Mohammed Saghir told his McClatchy interviewer that he was captured in a stream of refugees, not on a battlefield. He said he was shipped in a metal shipping container to General Dostum's Sherberghan prison.[16] He said he saw many other captives die during the months he spent there. He describe religious persecution in Guantanamo. He participated in a hunger strike and was subjected to force-feeding.

Pakistan Observer interviewEdit

The Pakistan Observer published a new interview with Sarheer on March 8, 2012.[17] According to the article he asserted "No one among the prisoners knew as to who had planned the 9/11 attacks ... Person like me neither knew WTC nor Osama or Al-Qaeda,"

Saghir also described female GIs sexually harassing him.[17]

See alsoEdit


  1. ^ OARDEC (May 15, 2006). "List of Individuals Detained by the Department of Defense at Guantanamo Bay, Cuba from January 2002 through May 15, 2006" (PDF). United States Department of Defense. Retrieved 2007-09-29.
  2. ^ "'They interrogated us for hours'". The Guardian. October 22, 2002. Retrieved 2008-06-17. mirror
  3. ^ "Afghans Describe Life Inside Gitmo". CBS News. October 29, 2002. Archived from the original on June 17, 2008. Retrieved 2008-06-17.CS1 maint: bot: original URL status unknown (link)
  4. ^ "The oldest of the old: First 'hardcore' suspects freed from Camp Delta.. three Afghans, combined age 196". The Mirror. October 30, 2002. Retrieved 2008-06-17.
  5. ^ "Mohammad Sanghir – The Guantánamo Docket". The New York Times. The New York Times Company. Retrieved 17 January 2010.
  6. ^ Christopher Hope; Robert Winnett; Holly Watt; Heidi Blake (2011-04-27). "WikiLeaks: Guantanamo Bay terrorist secrets revealed -- Guantanamo Bay has been used to incarcerate dozens of terrorists who have admitted plotting terrifying attacks against the West – while imprisoning more than 150 totally innocent people, top-secret files disclose". The Telegraph (UK). Archived from the original on 2012-07-13. Retrieved 2012-07-13. The Daily Telegraph, along with other newspapers including The Washington Post, today exposes America's own analysis of almost ten years of controversial interrogations on the world's most dangerous terrorists. This newspaper has been shown thousands of pages of top-secret files obtained by the WikiLeaks website.
  7. ^ "WikiLeaks: The Guantánamo files database". The Telegraph (UK). 2011-04-27. Retrieved 2012-07-10.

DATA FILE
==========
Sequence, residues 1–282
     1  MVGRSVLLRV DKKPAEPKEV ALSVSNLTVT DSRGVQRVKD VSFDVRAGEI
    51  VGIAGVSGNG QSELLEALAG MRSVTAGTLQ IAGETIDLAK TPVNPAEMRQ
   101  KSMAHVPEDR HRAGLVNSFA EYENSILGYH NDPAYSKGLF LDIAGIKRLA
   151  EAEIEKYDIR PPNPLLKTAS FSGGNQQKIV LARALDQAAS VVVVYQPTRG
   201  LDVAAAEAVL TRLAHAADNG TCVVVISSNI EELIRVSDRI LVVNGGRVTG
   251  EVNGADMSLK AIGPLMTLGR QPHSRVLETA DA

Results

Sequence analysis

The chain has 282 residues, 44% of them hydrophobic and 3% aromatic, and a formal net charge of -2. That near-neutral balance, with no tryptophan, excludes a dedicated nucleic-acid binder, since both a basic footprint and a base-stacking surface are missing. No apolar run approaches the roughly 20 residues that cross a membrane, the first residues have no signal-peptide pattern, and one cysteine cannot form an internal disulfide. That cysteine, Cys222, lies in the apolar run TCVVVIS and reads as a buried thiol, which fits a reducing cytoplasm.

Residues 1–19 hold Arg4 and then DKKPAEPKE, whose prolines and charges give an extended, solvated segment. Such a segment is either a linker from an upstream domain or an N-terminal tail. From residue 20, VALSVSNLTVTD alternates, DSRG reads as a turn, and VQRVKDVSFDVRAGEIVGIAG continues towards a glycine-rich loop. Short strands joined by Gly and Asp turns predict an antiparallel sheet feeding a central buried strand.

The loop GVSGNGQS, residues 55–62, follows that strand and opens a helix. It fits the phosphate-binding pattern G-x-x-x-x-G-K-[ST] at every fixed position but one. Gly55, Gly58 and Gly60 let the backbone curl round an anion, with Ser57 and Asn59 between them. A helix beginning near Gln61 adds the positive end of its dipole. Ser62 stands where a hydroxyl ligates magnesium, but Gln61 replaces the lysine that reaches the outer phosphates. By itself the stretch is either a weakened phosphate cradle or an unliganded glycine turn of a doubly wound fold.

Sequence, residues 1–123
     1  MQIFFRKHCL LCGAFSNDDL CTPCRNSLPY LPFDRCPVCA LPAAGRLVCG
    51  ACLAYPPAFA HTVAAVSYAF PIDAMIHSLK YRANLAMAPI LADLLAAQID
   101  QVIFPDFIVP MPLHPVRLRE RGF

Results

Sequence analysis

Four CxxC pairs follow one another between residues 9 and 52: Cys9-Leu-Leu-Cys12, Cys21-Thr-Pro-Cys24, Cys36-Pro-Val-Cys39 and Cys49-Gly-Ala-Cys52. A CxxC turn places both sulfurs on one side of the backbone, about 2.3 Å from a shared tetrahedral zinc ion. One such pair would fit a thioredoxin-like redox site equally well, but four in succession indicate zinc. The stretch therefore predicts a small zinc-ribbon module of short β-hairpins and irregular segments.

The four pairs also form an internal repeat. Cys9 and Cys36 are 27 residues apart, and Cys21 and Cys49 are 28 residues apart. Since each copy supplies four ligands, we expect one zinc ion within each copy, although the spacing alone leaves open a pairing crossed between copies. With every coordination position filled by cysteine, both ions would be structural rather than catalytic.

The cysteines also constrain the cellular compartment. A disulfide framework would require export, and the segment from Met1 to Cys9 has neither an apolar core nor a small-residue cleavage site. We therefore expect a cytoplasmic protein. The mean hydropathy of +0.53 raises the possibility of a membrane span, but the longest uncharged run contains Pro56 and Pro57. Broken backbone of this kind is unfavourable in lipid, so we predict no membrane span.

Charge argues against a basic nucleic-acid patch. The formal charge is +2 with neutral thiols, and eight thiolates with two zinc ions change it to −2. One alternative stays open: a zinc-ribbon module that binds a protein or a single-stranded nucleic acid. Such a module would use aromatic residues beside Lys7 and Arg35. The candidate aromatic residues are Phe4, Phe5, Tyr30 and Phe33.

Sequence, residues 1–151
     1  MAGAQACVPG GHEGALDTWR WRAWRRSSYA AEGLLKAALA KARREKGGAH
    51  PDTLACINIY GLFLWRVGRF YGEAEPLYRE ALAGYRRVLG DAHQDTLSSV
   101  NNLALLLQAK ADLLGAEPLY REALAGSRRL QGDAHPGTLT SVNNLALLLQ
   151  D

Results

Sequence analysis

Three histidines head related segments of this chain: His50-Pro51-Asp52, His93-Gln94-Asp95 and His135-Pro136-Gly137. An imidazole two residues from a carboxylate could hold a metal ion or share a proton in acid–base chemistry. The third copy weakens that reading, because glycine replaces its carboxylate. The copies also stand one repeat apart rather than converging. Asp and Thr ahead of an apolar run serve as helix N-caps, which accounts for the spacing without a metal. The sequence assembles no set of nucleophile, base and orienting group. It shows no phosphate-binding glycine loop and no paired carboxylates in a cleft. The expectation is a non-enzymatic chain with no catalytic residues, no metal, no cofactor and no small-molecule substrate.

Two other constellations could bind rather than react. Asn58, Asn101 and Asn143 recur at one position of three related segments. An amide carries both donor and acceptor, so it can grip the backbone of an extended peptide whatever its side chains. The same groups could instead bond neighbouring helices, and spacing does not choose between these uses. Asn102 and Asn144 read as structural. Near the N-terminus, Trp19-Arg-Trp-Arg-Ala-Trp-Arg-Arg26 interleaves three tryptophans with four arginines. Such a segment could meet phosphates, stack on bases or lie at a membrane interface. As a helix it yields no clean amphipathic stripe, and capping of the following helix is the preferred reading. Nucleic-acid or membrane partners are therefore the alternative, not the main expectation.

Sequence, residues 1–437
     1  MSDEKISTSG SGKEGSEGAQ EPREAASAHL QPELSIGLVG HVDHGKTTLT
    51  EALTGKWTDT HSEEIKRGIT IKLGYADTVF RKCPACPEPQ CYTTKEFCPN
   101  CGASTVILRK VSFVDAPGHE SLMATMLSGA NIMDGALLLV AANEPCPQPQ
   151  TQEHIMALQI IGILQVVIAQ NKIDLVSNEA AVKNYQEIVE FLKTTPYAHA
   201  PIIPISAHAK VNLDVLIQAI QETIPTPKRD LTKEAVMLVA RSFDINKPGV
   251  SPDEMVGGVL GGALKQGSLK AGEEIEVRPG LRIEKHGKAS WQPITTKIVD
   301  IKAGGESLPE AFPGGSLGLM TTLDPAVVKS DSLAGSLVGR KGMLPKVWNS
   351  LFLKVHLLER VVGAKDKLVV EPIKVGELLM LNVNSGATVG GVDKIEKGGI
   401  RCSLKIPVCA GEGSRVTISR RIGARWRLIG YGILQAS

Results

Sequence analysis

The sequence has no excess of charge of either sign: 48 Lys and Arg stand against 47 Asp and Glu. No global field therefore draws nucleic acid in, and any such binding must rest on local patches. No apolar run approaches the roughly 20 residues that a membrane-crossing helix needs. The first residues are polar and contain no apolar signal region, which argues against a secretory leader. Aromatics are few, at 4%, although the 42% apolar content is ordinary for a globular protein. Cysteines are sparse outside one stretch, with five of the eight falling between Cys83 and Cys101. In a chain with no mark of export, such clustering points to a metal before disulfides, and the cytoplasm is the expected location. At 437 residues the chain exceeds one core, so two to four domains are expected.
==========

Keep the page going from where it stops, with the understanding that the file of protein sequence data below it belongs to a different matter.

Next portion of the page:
8. ^ "Mohammad Sanghir: Guantanamo Bay detainee file on Mohammad Sanghir, US9PK-000143DP, passed to the Telegraph by Wikileaks". The Telegraph (UK). 2011-04-27. Archived from the original on 2012-09-26. Retrieved 2012-09-26. Recommendation: Release or transfer to the control of another country
  9. ^ Michael E. Dunlavey (2002-09-27). "Transfer Recommendation for GTMO detainee, Mohammed Saghir, ISN: US9PK-000143DP" (PDF). Joint Task Force Guantanamo. Archived from the original (PDF) on 2014-04-17. Retrieved 2012-09-26.   Media related to File:ISN 00143, Mohammed Saghir's Guantanamo detainee assessment.pdf at Wikimedia Commons
  10. ^ Andy Worthington (2011-07-13). "WikiLeaks and the Guantánamo Prisoners Released from 2002 to 2004 (Part Three of Ten)". Retrieved 2012-09-26.
  11. ^ "Pakistani says life in ruins after Guantanamo jail". Khaleej Times. September 11, 2006. Archived from the original on June 17, 2008. Retrieved 2008-06-17. - mirror mirror
  12. ^ LHC to hear damages suit by former Guantanamo detainee, Daily Times, June 24, 2004
  13. ^ a b Tahir Khan (2012-09-27). "Diaries of ex-Gitmo detainee: Reminding Obama of a 'broken promise'". Pakistan Tribune. Archived from the original on 2012-09-26. A former inmate of the Guantanamo Bay detention centre reminded President Obama of his repeated promises to shut the notorious facility — where dozens of detainees continue to languish without trial.
  14. ^ a b c d "Cuba:Escape from Camp Delta". Le Monde. March 11, 2004. Archived from the original on September 27, 2007. Retrieved 2007-07-03.
  15. ^ Tom Lasseter (June 15, 2008). "Guantanamo Inmate Database: Page 1". Miami Herald. Archived from the original on March 4, 2009. Retrieved 2008-06-16. mirror
  16. ^ a b c d Tom Lasseter (June 15, 2008). "Guantanamo Inmate Database: Mohammed Sagheer". Miami Herald. Archived from the original on September 20, 2008. Retrieved 2008-06-16. mirror
  17. ^ a b "Guantánamo's detainees unaware of Osama, WTC". Pakistan Observer. 2012-03-08. Archived from the original on 2012-03-08. Retrieved 2012-03-08. The former Guantánamo Bay's Prisoner said that he was tortured by using various methods and was sexually harassed by American women in the prison during his detention.

External linksEdit